• Can include attitudes, language or not
including individuals because of ethnicity.
• Historical examples include the holocaust and
black slavery and modern examples can be
seen in racism in football and attitudes toward
Eastern Europeans entering the UK in recent
years.
Types - Positive Discrimination
• This is widely viewed as on the rise in the last few
years due to a greater awareness of prejudice.
• An example is, with some jobs, you are
guaranteed an interview if you fit certain criteria
of a minority such as having a disability (GIS).
• Some people feel this is a positive step on the
road to full equality and combatting prejudice in
society but others feel that the majority can now
become a victim of discrimination themselves.
Question
• Is positive
discrimination a good
thing?
• Sample Exam Questions – 1 – Explain religious
attitudes towards the role of women. (5
marks)
• ‘Positive Discrimination is a good thing.’ What
do you think? Explain your opinion. (3 marks)
2 - Causes of Prejudice and
Discrimination
• What are the origins or
causes of prejudice and
discrimination?
• Can you think of any
reasons why prejudice
exists? Brainstorm
• NOTE – A popular exam
question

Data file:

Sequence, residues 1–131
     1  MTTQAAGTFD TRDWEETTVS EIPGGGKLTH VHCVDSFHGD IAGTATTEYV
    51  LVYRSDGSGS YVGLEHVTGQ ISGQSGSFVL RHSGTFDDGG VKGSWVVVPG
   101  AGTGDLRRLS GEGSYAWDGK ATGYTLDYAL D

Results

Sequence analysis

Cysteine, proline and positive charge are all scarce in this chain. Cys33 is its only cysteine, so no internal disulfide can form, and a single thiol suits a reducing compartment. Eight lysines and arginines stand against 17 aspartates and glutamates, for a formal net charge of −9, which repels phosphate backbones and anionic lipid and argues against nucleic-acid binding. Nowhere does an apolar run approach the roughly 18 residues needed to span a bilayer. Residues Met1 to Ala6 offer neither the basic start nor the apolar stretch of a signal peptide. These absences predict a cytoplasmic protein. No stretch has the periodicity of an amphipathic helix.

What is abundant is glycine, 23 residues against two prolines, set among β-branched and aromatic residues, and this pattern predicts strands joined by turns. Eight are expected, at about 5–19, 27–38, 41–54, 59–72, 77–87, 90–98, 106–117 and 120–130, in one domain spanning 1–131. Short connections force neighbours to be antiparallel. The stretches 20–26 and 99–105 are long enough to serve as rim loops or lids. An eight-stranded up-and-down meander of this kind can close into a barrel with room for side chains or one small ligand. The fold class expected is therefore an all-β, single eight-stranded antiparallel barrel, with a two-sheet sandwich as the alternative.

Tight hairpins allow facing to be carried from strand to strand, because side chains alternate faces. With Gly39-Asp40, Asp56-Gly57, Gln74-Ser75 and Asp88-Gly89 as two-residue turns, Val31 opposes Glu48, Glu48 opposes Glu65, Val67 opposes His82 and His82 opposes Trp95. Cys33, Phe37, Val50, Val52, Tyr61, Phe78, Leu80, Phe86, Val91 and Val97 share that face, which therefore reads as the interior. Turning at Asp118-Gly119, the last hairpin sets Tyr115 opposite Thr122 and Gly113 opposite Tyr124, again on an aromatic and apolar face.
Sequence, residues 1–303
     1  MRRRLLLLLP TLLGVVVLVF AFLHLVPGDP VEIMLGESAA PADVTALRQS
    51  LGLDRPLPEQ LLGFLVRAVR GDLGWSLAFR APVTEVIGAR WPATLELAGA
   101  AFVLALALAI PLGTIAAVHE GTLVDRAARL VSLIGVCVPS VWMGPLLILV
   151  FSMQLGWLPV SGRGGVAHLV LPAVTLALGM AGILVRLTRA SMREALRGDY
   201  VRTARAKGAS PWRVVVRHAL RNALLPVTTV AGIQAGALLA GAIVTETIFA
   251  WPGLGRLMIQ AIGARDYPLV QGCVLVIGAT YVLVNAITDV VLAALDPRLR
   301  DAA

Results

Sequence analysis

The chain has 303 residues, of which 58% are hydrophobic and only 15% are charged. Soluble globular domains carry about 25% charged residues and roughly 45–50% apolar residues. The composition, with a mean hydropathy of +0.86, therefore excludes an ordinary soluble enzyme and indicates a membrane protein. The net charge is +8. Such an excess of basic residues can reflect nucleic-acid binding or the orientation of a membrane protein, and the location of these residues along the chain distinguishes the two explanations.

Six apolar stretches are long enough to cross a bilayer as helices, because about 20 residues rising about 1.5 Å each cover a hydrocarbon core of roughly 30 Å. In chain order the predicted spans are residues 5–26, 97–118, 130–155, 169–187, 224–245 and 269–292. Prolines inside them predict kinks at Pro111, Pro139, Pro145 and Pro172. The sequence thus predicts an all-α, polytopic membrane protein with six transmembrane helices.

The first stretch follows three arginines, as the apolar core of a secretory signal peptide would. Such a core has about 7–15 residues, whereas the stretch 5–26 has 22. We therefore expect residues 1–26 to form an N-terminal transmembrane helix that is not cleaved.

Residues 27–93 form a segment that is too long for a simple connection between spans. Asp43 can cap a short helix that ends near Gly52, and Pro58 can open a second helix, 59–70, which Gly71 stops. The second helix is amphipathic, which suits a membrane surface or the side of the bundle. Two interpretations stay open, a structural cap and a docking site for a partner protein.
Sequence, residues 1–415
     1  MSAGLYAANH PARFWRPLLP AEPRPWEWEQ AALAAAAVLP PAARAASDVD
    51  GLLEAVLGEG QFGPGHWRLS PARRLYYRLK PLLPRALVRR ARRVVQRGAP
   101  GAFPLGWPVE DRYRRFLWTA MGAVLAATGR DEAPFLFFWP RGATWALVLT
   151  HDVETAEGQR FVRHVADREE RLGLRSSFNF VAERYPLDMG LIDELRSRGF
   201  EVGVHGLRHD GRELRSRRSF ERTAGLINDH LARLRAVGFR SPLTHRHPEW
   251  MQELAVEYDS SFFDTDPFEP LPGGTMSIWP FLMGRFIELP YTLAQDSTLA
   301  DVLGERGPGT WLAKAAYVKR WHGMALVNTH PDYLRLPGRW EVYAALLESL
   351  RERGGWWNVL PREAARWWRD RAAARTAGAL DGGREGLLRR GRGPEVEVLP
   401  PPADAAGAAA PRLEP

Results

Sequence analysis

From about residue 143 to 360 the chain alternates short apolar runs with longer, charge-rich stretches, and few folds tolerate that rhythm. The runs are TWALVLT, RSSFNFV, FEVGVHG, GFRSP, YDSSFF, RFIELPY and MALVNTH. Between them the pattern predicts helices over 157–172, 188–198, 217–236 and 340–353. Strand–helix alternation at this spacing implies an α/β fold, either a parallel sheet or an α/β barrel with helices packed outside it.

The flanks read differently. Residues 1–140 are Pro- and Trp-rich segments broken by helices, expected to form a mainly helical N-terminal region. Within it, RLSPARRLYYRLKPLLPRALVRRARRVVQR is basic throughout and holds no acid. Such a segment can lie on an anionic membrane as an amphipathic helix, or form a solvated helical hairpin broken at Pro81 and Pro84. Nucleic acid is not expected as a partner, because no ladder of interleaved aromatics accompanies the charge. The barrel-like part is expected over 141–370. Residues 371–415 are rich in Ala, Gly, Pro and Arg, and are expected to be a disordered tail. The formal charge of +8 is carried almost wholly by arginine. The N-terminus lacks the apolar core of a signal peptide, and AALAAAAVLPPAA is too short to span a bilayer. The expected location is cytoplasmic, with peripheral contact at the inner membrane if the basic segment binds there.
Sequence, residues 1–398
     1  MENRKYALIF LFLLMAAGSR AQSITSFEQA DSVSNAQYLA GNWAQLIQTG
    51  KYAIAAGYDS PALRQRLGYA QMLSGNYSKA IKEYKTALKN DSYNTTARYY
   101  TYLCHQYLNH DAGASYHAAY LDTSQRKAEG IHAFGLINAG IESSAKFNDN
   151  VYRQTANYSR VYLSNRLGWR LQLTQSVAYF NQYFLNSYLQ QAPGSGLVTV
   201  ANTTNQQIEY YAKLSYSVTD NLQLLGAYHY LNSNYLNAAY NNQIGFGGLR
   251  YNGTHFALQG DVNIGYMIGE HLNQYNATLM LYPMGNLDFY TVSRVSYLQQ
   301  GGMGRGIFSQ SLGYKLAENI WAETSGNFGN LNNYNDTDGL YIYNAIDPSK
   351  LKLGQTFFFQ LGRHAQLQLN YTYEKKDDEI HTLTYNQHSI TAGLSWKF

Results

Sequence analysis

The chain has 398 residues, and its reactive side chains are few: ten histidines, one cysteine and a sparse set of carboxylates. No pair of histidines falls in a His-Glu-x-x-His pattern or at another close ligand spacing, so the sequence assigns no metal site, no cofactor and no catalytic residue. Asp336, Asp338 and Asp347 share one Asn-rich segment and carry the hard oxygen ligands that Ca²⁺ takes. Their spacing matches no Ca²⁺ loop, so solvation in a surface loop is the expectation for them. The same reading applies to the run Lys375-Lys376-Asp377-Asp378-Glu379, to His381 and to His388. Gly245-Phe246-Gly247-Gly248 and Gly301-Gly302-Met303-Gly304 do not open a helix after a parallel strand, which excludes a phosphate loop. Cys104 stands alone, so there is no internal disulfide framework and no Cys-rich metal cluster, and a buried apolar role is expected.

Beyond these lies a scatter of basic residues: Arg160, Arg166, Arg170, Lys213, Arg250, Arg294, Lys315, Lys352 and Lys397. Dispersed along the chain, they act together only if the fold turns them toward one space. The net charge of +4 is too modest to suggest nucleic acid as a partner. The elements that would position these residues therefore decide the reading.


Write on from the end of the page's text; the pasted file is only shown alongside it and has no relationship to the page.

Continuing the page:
Ignorance
• Ignorance – Lack of
education or
understanding about a
culture or lifestyle leads
to intolerant
assumptions forming
without any real
thought or evidence eg
rastafarians are
‘druggies’
Stereotyping
• Attributing blame to a
certain group with shared
characteristic eg Eastern
Europeans are coming here
just to claim benefits.
Stereotyping stems from
evolutionary need to
categorise things so we can
react quickly. If we get
bitten by a snake once, we
then naturally stereotype all
snakes as dangerous. We
can use are reason to
overcome this.
Scapegoating
• Similar to stereotyping
but it is blaming a group
for a problem. May be
caused by tension in a
local community
combined with
ignorance.
Upbringing
• Again evolutionarily
necessary to follow
your parents and adopt
their views in early
childhood. Thus
prejudiced attitudes can
be passed on. Education
can break this cycle.
Media
• Stereotypes of groups
shown on TV/film or
through bias reporting
in the media. For
example, saying ‘The
British man was
attacked by the Muslim’
suggests the latter is
not the same as the
former.
Bad Experience
• Having a negative
experience with one
person can lead to
prejudice against other
members of that
culture etc.
Patriotism
• ‘Blurring the lines’
between being proud to
be a certain nationality
and acting negatively
towards people not
perceived as being part
of this. Xenophobia is
seeing those outside of
this in a negative light.
• All of this can relate back to fear.
• Sample Exam Questions – ‘You need to change
the way people think to prevent